But you'll never see 食べる labeled as irregular in any books or dictionaries that I know of.

- "gozaimasu" is not honorific; it is used only with inanimate objects and is neither honorific nor humble (there is no standard term for this kind of word; JSL uses "neutral politeness")


Well, it's used with animate objects (as well as inanimate) in the construction "de gozaimasu", I think.


Usually "de irasshaimasu" is used instead for animates. The "chris de gozaimasu" construction is probably the name, not the person, that's getting the "de gozaimasu" applied.
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Re: Terminology problem : "conjugation"

Postby furrykef » Wed 09.23.2009 4:32 pm

But you'll never see 食べる labeled as irregular in any books or dictionaries that I know of.


No, but it probably wouldn't be strange for it to say something like "irreg. hon. 召し上がる".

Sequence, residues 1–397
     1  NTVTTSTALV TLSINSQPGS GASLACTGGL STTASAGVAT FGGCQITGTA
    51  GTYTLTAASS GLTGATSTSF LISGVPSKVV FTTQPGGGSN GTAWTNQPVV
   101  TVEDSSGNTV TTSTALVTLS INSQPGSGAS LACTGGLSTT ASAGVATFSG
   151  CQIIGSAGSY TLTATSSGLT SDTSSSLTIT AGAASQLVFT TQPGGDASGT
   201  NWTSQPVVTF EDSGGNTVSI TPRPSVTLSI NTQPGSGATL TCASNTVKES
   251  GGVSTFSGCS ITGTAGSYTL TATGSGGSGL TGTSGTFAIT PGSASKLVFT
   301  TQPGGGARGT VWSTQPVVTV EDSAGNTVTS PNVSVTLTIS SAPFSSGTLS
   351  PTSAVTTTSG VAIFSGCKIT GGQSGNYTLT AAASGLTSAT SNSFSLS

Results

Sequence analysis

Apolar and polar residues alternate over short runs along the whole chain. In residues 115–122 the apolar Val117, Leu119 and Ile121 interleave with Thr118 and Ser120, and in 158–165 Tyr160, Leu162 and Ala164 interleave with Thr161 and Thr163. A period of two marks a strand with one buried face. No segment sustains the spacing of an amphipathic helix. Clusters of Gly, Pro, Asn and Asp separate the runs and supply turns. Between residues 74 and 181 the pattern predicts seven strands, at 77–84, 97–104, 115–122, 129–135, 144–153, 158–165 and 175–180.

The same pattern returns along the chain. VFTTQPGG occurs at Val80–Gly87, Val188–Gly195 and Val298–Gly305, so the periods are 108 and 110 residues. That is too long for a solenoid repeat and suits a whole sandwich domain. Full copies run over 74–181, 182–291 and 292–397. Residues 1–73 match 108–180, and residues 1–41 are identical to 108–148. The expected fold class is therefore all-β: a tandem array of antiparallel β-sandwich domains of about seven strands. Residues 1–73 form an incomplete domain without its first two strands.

Usually "de irasshaimasu" is used instead for animates. The "chris de gozaimasu" construction is probably the name, not the person, that's getting the "de gozaimasu" applied.


Hmm, OK. Thanks :)
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Re: Terminology problem : "conjugation"

Postby kurisuto » Wed 09.23.2009 7:36 pm

Yudan Taiteki wrote:Usually "de irasshaimasu" is used instead for animates. The "chris de gozaimasu" construction is probably the name, not the person, that's getting the "de gozaimasu" applied.


That's if you're answering to 名前は?, but it would be different if the question were あなたは誰ですか. I think the restriction in/animate stops being relevant when ございます is used as an auxiliary verb. It also makes me think of the difference between ある and である.

furrykef wrote:it probably wouldn't be strange for it to say something like "irreg. hon. 召し上がる".


I wouldn't be that surprised if it did, but I think 召し上がる, while it is de facto used as the honorific for 食べる, is simply an honorific way to say "eat" (the concept 食べる, 召し上がる, "eat" and "comer" all represent). Otherwise, you wouldn't be able to say whether it's the honorifc for 食べる or 食う, or any other verb with the meaning of "to eat".